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Review of Interventions to Reduce Stress Among Mothers of Infants in the NICU

Chertok, Ilana R. Azulay PhD, RN, IBCLC; McCrone, Susan PhD, RN, PMHCNS-BC; Parker, Dennelle MSN, RN, FNP-BC; Leslie, Nan PhD, RN, WHNP

Section Editor(s): Catlin, Anita

doi: 10.1097/ANC.0000000000000044
Ethical Issues in Newborn Care

Nearly half a million preterm infants are born each year in the United States. Preterm delivery has significant psychosocial implications for mothers, particularly when their baby spends time in the neonatal intensive care unit (NICU). The decrease in length of gestation causes mothers to have to parent prematurely, without the less time for emotional preparation than mothers of full-term infants. Parents of NICU infants experience stress related to feelings of helplessness, exclusion and alienation, and lack sufficient knowledge regarding parenting and interacting with their infants in the NICU. There are a number of interventions that nurses can do that help reduce the stress of mothers of infants in the NICU.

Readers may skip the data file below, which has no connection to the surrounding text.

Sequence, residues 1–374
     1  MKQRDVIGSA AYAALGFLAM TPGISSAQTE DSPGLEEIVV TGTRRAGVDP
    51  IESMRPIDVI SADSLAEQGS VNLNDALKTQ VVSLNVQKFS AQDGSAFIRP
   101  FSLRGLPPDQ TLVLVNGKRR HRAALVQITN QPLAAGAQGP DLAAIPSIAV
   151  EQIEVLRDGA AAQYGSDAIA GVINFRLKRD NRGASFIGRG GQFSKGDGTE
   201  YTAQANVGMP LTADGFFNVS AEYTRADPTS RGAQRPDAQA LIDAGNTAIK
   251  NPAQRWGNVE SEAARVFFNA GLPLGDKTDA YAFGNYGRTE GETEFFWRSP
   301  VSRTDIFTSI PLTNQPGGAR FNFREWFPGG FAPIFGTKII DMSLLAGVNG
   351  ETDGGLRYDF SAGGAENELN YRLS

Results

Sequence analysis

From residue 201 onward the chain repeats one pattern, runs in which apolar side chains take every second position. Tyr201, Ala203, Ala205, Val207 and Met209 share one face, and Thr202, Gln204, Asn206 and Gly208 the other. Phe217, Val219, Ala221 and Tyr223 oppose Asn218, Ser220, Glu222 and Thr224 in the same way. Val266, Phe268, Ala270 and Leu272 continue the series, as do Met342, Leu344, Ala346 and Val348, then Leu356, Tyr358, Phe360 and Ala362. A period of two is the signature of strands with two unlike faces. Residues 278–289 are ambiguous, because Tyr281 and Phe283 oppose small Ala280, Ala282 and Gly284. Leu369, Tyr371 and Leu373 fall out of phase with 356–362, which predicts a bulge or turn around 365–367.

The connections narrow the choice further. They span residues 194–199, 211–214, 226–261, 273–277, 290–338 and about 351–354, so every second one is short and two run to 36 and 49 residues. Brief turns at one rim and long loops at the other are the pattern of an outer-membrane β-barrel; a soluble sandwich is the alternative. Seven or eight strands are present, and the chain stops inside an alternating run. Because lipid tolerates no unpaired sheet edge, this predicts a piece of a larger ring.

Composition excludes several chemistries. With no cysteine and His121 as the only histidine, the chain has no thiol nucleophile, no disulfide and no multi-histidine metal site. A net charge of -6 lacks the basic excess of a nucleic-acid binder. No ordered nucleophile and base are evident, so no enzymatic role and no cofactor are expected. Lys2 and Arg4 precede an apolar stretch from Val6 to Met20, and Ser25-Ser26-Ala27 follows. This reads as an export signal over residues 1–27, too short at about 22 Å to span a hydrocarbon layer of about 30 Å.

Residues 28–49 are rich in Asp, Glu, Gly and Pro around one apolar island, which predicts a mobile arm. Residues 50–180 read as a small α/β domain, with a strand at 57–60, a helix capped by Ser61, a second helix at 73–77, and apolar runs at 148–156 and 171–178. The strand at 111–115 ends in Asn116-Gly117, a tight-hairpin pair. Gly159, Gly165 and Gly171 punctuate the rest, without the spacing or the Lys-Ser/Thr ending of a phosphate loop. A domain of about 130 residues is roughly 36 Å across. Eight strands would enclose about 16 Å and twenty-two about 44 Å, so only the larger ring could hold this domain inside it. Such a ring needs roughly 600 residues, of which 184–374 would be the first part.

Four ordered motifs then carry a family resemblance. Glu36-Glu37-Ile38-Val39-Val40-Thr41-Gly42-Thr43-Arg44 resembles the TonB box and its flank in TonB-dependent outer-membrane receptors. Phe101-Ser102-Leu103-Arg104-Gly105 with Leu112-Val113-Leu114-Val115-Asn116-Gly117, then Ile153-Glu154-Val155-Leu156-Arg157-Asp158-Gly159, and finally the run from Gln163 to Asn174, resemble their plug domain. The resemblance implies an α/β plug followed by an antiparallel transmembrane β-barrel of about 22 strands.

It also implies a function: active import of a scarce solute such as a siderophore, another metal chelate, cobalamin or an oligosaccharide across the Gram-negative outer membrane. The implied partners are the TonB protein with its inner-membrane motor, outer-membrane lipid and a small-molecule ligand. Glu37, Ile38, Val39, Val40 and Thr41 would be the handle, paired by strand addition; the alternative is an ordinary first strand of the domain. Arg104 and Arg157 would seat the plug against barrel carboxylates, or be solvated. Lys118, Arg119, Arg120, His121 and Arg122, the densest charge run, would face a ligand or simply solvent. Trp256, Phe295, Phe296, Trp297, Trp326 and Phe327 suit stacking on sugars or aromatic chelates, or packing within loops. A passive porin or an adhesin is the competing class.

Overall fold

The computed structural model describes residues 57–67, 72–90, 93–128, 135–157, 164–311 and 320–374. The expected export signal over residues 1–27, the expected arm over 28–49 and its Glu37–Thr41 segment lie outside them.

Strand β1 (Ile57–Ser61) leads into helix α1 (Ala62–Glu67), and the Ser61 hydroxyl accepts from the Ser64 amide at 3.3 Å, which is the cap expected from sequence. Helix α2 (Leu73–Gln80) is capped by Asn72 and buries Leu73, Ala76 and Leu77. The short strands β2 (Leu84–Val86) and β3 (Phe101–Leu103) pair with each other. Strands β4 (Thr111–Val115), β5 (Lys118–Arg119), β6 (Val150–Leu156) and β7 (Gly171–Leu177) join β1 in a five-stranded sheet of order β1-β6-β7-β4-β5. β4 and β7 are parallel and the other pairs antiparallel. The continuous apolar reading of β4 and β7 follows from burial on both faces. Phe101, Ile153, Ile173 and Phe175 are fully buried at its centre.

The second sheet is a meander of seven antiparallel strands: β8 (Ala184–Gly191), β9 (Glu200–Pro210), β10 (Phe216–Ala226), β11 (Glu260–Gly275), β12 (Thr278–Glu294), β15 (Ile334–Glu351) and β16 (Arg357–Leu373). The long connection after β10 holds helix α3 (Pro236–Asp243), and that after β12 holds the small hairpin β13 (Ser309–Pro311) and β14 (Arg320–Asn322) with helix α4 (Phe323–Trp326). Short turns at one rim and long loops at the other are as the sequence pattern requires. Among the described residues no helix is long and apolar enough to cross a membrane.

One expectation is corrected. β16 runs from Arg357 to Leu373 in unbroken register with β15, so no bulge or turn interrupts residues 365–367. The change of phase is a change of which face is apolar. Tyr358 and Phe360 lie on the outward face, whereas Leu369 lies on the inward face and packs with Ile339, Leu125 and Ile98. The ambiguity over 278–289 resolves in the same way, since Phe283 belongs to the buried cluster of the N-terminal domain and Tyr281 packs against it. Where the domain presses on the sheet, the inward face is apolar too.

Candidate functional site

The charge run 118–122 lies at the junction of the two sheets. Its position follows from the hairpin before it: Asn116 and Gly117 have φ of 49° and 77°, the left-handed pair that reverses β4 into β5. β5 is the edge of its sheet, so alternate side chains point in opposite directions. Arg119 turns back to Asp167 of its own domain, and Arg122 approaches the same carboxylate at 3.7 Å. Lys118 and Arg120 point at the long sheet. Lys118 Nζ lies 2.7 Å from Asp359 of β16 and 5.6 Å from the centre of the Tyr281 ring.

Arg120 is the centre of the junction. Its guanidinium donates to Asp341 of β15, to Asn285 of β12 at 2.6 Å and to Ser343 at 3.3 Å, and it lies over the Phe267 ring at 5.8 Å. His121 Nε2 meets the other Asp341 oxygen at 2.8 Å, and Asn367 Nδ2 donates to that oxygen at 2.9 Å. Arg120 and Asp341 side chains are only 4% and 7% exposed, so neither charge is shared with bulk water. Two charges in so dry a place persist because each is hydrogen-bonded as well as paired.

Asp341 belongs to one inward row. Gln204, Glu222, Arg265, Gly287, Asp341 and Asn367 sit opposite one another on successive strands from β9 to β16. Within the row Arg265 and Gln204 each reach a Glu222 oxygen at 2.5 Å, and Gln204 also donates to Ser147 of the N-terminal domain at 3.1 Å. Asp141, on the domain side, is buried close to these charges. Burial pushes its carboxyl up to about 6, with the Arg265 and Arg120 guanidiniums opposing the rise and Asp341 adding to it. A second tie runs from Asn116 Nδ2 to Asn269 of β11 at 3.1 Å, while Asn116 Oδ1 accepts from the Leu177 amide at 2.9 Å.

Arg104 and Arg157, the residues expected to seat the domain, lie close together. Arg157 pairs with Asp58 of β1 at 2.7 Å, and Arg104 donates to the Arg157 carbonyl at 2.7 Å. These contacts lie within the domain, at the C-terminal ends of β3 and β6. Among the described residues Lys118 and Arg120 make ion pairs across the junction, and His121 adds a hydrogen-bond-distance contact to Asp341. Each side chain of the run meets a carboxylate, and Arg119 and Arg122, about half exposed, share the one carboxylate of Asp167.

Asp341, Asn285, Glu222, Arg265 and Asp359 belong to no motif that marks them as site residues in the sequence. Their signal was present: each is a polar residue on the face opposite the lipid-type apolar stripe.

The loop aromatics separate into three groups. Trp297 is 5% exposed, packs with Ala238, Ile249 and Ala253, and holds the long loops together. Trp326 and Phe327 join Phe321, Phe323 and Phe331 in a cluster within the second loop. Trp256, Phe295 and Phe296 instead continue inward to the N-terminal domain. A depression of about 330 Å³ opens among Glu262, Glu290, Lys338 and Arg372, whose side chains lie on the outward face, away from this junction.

School of Nursing, West Virginia University, Morgantown.

Correspondence: Ilana R. Azulay Chertok, PhD, RN, IBCLC, WVU School of Nursing, West Virginia University, PO Box 9630, Morgantown, WV 26506 (ichertok@hsc.wvu.edu).

Supplemental digital content is available for this article. Direct URL citations appear in the printed text and are provided in the HTML and PDF versions of this article on the journal's Web site (www.advancesinneonatalcare.org)

The authors declare no conflict of interest.

© 2014 by The National Association of Neonatal Nurses